And a 43-year-old mother of three who has acted in “extreme” porn told Backlash: “As a model, I did not once feel degraded or abused. I do however, as an adult woman, feel degraded by those who claim to know what’s best [and] who wish to criminalize me for simply being me!”

And resent research on the Internet says that claims that access to porn leads to an increase in violent crimes is just plain wrong.

In June 2006, Anthony D’amato found the incidence of rape in the United States has declined 85 percent in the past 25 years while access to pornography has become freely available to teenagers and adults. The Nixon and Reagan Commissions tried to show that exposure to pornographic materials produced social violence. The reverse may be true: that pornography has reduced social violence.

The findings were echoed by Todd Kendall in March 2007. Kendall found “The arrival of the internet was associated with a reduction of the incidence of rape”.

Laurence Pay, a leading criminologist who works with sex offenders, also points out that if the advent of porn was truly psoitively correlated to more criminal behaviour, we would be awash with incidents since the advent of the internet.

There are others that argue that porn should be banned because – whether or not anyone is harmed in its production — porn is innately degrading to women.

But this argument also denies the variety of human experience and women’s experience of using porn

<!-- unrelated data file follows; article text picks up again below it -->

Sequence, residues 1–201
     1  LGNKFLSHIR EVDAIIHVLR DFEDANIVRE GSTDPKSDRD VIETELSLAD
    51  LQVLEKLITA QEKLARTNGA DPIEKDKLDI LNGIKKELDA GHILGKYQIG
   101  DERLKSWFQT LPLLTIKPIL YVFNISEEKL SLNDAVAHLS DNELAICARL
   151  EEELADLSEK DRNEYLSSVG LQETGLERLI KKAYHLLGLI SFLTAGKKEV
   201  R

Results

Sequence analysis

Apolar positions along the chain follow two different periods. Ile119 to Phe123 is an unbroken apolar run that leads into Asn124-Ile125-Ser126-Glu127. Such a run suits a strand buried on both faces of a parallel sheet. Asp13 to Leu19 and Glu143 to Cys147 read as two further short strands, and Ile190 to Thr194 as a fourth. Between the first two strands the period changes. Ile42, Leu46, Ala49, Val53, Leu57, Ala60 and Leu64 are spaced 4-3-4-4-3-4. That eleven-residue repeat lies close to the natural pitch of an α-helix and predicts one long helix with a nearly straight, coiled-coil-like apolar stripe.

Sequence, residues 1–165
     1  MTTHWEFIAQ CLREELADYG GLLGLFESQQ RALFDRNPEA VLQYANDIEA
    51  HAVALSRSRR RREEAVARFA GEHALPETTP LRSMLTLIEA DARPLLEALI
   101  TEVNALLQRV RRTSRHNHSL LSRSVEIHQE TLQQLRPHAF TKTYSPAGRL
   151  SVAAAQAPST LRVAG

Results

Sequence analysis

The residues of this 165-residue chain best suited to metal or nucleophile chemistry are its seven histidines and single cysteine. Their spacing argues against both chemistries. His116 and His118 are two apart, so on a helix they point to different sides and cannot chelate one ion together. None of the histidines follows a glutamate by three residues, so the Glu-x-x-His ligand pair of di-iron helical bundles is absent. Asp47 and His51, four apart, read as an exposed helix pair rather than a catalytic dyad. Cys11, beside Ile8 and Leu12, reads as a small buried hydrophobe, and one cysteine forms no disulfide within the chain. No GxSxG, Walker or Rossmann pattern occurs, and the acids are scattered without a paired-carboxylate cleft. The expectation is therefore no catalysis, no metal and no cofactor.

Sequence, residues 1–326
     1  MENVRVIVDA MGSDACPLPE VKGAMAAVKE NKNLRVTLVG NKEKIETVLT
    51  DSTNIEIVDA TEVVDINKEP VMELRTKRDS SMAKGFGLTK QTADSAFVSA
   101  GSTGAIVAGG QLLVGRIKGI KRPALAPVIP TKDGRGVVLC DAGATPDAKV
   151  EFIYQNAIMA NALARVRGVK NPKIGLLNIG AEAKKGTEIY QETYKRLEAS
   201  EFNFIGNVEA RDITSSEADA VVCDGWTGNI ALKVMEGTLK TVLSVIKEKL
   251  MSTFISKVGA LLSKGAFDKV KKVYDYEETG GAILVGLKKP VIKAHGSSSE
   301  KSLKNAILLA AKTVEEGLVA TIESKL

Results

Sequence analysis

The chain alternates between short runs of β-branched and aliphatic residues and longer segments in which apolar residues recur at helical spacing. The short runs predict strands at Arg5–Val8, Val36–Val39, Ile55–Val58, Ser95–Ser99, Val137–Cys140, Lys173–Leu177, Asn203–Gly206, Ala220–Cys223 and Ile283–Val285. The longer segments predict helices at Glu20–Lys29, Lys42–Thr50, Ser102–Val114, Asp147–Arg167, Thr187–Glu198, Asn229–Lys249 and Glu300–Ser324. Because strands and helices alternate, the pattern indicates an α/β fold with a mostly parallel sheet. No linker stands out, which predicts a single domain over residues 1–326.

Dr Petra Boynton says if we accept the idea that a] porn is one thing and b] it is all harmful it makes it very difficult for women who get aroused by porn. In the past anti-porn groups characterised such women as victims or having some form of false conciousness so they couldn’t see how liking porn was bad for them. Sexual materials can be a source of pleasure, education and information.

Author of “One For The Girls! The Pleasures and Practices of Reading Women’s Porn” agrees.

I don’t think that it is useful to think in terms of separating out forms of porn into “good” porn, “bad” porn without accepting that what one person might find positive, another finds repressive or disgusting.

However, exploring how porn fits into its readers/viewers’ lives does show that porn can have all kinds of uses including but not limited to masturbation and that any positivity there is in porn lies in the ways it fits into women’s lives.

For some, the positivity might mean a rejection of certain practices as not for them; for others an affirmation of their sexual pleasures – for example, there is plenty of evidence that porn has been a real resource for people who’s sexuality has been deemed “outlaw” such as gay men and lesbian women.

Meg Barker says “I’m concerned that such legislation could send out a sex-negative message which could increase the taboo around sex that already exists. Rather than trying to legislate against possession of “violent pornographic” images, the government should focus on improving sex education and sending out a message of acceptance of the diversity of consensual sexual practices that are conducted in this country so that people will not have to feel so much shame and secrecy around sex.”

There is though, the thorny question of the apparent positive correlation is between men pre-disposed to violence and their use of porm.

Even this though has not been properly tested as research has only been done on convicted sex offenders (not the public at large) and fails to take into account others correlations; alcohol use, poverty, class.